Friday, June 8, 2012


Allowances is on of the Positive Discipline parenting tools that almost every family has tried or at least considered.  The Positive Discipline way of doing allowances is to give an amount of money to the child each week that is only dependent on your budget and expectations of what the child is to use the money for.  The money is given to the child as their share of the family's money, and it is not given as a payment for doing chores.  Chores are a part of living and as adults we don't get paid for keeping our house clean and chores done.  I discussed this idea more in my Jobs entry.  The allowance money is the child's in every sense and you have to let your child take responsibility for the money and learn from their spending/losing mistakes.  Jane Nelson says that we should show empathy, but avoid rescuing children from these mistake.

In our house we started giving allowance when our daughter turned four.  We give her $5/week.  That is her money, for her to do what she wants with.  With that she also gained the responsibility of buying her own non-essential things.   For the first year she just stashed the money in a piggy bank and watched it add up.  Occasionally she would ask us if she could get something when we were out shopping and we would ask her if she brought her money with her.  If not, then she wouldn't be able to get anything.  We then got in the habit of reminding her that she might want to bring her money when we went out.  This works so well for avoiding those in store arguments/pleas for toys, etc.  By the holiday season the first year of allowance she was able to purchase small gifts for our immediate family with her own money.  She was very proud of that.  She continued to save her allowance, tooth fairy money and gift money for the remainder of the year.  By her fifth birthday she had saved enough money to buy an American Girl Doll!  We took her to THE store and she picked out just the doll she wanted.  She was so excited to pay with her money.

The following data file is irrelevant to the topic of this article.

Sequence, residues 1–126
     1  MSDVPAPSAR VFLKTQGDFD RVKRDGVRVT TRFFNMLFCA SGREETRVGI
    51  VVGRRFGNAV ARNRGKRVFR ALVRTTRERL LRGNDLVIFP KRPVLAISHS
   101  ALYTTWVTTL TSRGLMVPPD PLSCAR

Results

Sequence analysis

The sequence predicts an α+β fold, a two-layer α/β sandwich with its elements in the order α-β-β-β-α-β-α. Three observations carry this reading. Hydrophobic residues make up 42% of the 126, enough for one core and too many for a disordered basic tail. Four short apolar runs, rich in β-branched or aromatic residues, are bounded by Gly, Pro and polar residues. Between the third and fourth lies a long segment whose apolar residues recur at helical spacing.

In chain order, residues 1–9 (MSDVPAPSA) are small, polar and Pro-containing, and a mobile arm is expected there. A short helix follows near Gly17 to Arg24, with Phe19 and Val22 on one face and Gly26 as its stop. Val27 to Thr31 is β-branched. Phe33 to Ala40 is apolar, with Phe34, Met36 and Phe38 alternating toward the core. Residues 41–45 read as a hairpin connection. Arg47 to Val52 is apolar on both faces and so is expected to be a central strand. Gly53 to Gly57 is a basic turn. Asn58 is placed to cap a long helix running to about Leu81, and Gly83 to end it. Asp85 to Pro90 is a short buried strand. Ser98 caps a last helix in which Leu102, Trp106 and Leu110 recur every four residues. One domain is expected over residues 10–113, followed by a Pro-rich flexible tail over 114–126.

That was about the time that I thought that there may need to be a little more direction/teaching with the allowance she was getting.  We started by reading a book called Give A Goat.  It is about a class who raises the money to buy a goat through Heifer International for an impoverished family in Uganda.  The story really interested my daughter, so we next checked out the Heifer website.  That is where we found this  video, for children, about buying animals for people who are less fortunate.  The video sealed the deal, and Isabel was then determined to buy a water buffalo for a less fortunate family.  

We got three big jars and made labels: Spend, Save, Give!  We talked about why it is good to save a portion of our money for things don't already know we will need.  We have a portion for spending as we wish and the rest for giving, as in buying a water buffalo.  Now she divides the money: $2-saving, $2-giving, and $1-spending.  Next month she is planning a a lemonade stand; she will put all her earnings from that into the give jar!

Allowances can teach so many things to a child.  They valuable and necessary parenting tool.  Next we will try HUGS!


  1. There is a good article on Montessori allowance ideas here:

  2. Thank you, I will check it out!